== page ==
Compo is a moldable substance worked either by hand or more usually pressed into moulds to produce decorative work. It is most commonly used as part of gilded picture frames, but was in use for many smaller decorative moldings from the later part of the Baroque period.
There are many different compo recipes with variations in ingredients and proportions. However, all compos should have ingredents that give it certain qualities. Understanding the function of each ingredient helps when adjusting the basic recipe:
Whiting (gives body)
Pearl bone glue (acts as a binder)
Linseed oil (makes the mixture soft)
Rosin (makes the mixture elastic)
Venice turpentine (plasticizer to prevent cracking)
Glycerine (prevents the glue form drying and acts as a plasticizer)
Zinc oxide (prevents formation of mold)
Soak 250 grams pearl bone glue in sufficient cold water to immerse the glue for several hours. Drain the excess water, then heat in a double boiler or electric gluepot to under 70° C until liquid. Add 20 mL of glycerin and 10 grams of zinc oxide to the liquid glue and stir well.
Crush 100 grams of rosin (colophony) flakes to a powder and heat in a small pan. Rosin melts at around 90° C. Do not overheat as it may catch on fire. Add 20 mL Venice turpentine and 60 mL refined linseed oil to the melted rosin with stirring to mix well. Mix the melted rosin, oil and Venice turpenine into the hot glue and stir well.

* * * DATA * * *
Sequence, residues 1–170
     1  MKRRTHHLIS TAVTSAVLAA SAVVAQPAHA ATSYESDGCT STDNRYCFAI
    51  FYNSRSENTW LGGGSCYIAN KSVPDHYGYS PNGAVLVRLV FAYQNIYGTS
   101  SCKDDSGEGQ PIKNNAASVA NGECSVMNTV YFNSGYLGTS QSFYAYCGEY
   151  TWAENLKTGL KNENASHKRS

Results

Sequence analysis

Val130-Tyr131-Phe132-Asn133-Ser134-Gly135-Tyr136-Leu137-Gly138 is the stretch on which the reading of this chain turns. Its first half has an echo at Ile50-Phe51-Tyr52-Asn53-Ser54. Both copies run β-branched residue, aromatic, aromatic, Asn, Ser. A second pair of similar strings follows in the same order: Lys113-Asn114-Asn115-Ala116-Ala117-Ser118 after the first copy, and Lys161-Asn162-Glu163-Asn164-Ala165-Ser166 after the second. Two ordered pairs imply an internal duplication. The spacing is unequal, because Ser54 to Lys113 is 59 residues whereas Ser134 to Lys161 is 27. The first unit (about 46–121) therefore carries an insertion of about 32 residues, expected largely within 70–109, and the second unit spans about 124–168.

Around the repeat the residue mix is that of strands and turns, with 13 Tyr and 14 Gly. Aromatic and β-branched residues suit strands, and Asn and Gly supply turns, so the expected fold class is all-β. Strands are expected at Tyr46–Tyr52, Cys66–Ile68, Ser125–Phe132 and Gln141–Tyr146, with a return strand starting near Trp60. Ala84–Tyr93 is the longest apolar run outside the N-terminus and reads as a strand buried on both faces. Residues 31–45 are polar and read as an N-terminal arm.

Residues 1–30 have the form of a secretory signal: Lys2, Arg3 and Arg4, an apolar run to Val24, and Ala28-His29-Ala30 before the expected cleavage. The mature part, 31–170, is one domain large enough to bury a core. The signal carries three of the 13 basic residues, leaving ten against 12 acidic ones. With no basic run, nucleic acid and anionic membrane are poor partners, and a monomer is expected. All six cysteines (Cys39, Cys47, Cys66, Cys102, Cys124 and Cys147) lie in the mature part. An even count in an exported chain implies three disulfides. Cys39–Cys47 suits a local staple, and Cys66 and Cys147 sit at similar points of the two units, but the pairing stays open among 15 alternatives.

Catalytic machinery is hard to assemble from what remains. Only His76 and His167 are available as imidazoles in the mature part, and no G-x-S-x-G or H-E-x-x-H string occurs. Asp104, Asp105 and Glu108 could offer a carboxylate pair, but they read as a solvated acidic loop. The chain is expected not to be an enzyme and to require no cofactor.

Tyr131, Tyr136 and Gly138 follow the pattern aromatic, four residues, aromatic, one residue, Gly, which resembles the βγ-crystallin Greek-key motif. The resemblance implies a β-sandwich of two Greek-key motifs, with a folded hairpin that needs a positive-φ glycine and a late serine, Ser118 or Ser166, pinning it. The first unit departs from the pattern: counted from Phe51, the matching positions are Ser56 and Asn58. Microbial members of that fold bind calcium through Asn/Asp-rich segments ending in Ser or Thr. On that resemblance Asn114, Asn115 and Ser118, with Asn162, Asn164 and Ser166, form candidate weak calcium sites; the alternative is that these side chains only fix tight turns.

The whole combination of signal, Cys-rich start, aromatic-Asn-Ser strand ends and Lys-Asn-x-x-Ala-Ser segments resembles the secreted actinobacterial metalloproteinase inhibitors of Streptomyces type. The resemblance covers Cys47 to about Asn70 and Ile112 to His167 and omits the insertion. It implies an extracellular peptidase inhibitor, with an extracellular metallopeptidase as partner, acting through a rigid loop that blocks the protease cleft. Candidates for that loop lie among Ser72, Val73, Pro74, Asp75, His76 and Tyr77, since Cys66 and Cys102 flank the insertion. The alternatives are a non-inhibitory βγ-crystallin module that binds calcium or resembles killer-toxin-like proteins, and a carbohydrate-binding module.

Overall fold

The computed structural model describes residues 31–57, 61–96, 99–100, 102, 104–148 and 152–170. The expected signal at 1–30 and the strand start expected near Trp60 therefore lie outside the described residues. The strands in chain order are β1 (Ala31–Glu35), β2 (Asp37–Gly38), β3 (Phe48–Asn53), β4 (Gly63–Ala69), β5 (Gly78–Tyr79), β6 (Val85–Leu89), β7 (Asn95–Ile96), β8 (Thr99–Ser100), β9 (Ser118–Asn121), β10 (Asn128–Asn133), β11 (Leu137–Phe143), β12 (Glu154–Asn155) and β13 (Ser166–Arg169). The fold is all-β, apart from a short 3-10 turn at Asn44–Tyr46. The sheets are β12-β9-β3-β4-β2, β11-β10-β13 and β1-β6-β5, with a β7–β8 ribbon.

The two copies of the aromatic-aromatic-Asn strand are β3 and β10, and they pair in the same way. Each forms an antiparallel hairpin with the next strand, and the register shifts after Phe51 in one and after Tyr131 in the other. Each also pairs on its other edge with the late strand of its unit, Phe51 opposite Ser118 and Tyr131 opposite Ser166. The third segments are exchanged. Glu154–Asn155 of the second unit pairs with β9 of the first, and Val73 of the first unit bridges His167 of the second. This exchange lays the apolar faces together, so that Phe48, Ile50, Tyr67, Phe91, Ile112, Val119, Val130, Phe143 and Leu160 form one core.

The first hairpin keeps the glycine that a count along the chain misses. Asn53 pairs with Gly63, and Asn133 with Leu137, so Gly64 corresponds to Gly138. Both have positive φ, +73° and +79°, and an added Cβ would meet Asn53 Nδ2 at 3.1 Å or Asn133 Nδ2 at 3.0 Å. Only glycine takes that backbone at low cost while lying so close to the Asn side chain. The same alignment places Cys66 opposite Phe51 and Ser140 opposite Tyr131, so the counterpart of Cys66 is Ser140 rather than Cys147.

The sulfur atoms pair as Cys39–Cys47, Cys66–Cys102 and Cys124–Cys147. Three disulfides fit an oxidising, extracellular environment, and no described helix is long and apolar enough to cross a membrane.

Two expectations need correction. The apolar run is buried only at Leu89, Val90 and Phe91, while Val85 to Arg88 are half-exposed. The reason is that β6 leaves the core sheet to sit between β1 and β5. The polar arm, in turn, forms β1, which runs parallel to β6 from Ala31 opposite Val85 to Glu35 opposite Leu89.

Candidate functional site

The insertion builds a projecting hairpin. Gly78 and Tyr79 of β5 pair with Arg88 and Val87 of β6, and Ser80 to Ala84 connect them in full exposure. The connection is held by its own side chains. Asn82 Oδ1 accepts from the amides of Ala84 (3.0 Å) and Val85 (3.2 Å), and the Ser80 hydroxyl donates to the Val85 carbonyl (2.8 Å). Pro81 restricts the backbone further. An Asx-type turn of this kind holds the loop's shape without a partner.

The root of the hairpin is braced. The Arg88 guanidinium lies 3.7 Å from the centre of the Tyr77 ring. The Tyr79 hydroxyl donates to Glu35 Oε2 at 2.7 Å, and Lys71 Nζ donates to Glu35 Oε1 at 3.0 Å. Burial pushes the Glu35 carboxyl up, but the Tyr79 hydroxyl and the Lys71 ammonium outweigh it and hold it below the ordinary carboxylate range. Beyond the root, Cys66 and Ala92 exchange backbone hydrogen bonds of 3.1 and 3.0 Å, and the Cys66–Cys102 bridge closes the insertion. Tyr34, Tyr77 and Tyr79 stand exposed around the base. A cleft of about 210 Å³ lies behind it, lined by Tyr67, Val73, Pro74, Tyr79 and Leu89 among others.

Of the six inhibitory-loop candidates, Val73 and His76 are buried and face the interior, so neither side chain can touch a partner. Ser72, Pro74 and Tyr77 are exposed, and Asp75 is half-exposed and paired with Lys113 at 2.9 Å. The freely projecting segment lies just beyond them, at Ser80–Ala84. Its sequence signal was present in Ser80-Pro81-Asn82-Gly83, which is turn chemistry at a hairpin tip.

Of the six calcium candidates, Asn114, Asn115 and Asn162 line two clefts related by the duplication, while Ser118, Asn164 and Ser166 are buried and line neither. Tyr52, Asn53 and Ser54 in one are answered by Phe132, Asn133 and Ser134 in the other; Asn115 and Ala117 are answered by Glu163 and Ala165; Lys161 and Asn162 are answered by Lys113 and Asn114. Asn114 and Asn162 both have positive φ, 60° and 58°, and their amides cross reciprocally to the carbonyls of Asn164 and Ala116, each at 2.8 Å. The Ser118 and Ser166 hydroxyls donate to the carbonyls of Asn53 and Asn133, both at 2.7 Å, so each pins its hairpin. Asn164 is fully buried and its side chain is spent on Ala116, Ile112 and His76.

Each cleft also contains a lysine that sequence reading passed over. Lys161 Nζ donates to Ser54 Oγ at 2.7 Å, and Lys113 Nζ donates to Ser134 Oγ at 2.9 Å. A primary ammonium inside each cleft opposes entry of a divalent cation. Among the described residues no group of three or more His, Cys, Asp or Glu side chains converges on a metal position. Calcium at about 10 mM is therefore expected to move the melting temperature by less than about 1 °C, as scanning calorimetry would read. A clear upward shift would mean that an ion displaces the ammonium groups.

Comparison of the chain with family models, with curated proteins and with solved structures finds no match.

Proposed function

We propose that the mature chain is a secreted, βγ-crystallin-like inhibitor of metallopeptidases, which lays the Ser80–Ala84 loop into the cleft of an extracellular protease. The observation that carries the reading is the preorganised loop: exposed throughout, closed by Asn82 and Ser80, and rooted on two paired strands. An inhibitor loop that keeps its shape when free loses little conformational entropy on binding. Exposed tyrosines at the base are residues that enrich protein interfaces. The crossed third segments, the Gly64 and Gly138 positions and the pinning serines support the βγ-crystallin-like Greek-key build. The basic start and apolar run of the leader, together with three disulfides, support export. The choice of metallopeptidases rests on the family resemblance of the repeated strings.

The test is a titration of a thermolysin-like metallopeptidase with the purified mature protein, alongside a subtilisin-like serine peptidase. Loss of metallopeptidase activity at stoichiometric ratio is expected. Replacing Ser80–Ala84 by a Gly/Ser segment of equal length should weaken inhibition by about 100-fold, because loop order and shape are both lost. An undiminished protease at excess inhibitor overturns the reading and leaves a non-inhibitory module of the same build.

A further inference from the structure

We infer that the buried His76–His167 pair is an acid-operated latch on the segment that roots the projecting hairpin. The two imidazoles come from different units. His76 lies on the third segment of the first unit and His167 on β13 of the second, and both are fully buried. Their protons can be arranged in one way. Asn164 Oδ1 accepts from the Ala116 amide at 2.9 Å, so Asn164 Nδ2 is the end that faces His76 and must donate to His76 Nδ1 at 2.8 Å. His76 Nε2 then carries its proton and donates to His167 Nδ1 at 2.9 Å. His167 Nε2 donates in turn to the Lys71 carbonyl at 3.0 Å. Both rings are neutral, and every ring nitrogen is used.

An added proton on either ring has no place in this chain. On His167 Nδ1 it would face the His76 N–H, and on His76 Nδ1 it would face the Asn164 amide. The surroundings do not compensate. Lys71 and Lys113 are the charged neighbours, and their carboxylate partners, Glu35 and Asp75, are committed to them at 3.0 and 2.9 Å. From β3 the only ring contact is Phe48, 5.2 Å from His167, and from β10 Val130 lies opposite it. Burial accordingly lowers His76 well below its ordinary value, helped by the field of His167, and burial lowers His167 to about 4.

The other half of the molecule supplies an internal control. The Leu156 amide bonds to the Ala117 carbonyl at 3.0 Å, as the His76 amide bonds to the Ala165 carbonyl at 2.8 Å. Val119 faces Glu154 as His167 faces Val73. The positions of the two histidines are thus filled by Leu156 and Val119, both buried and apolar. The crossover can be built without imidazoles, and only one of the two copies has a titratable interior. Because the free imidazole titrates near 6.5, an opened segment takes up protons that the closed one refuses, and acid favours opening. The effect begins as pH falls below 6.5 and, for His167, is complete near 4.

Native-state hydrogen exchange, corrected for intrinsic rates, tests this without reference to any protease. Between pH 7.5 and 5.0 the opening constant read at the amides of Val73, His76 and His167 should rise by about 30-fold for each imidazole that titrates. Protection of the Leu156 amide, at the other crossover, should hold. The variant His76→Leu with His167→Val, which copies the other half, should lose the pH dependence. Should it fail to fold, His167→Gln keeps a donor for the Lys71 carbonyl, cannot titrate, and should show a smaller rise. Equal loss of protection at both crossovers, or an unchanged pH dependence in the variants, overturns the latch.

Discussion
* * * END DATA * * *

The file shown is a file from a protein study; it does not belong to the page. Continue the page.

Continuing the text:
Make the compo by pouring the combined contents above onto 600–700 grams of whiting in a bowl. Stir the initial hot mixture with a wooden spoon.
Rub talcum powder on your hands (to prevent sticking), and then work the mixture by hand until it has the consistency of putty.
Work the compo into conveniently-sized flat cakes, then wrap them well in plastic cling film (Saran wrap). Compo will keep in a freezer for a month. Defrost the compo completely before placing it in a bain marie to soften it ready for molding.
The proportions and ingredients in this recipe aren’t rigid. The pearl glue can be increased to 300 grams for a harder and stronger compo, or the rosin to 150 grams for a more elastic and generally more robust composition. Some workers prefer to use rabbit skin glue rather than bone or hide glue to give the compo a more flexible product.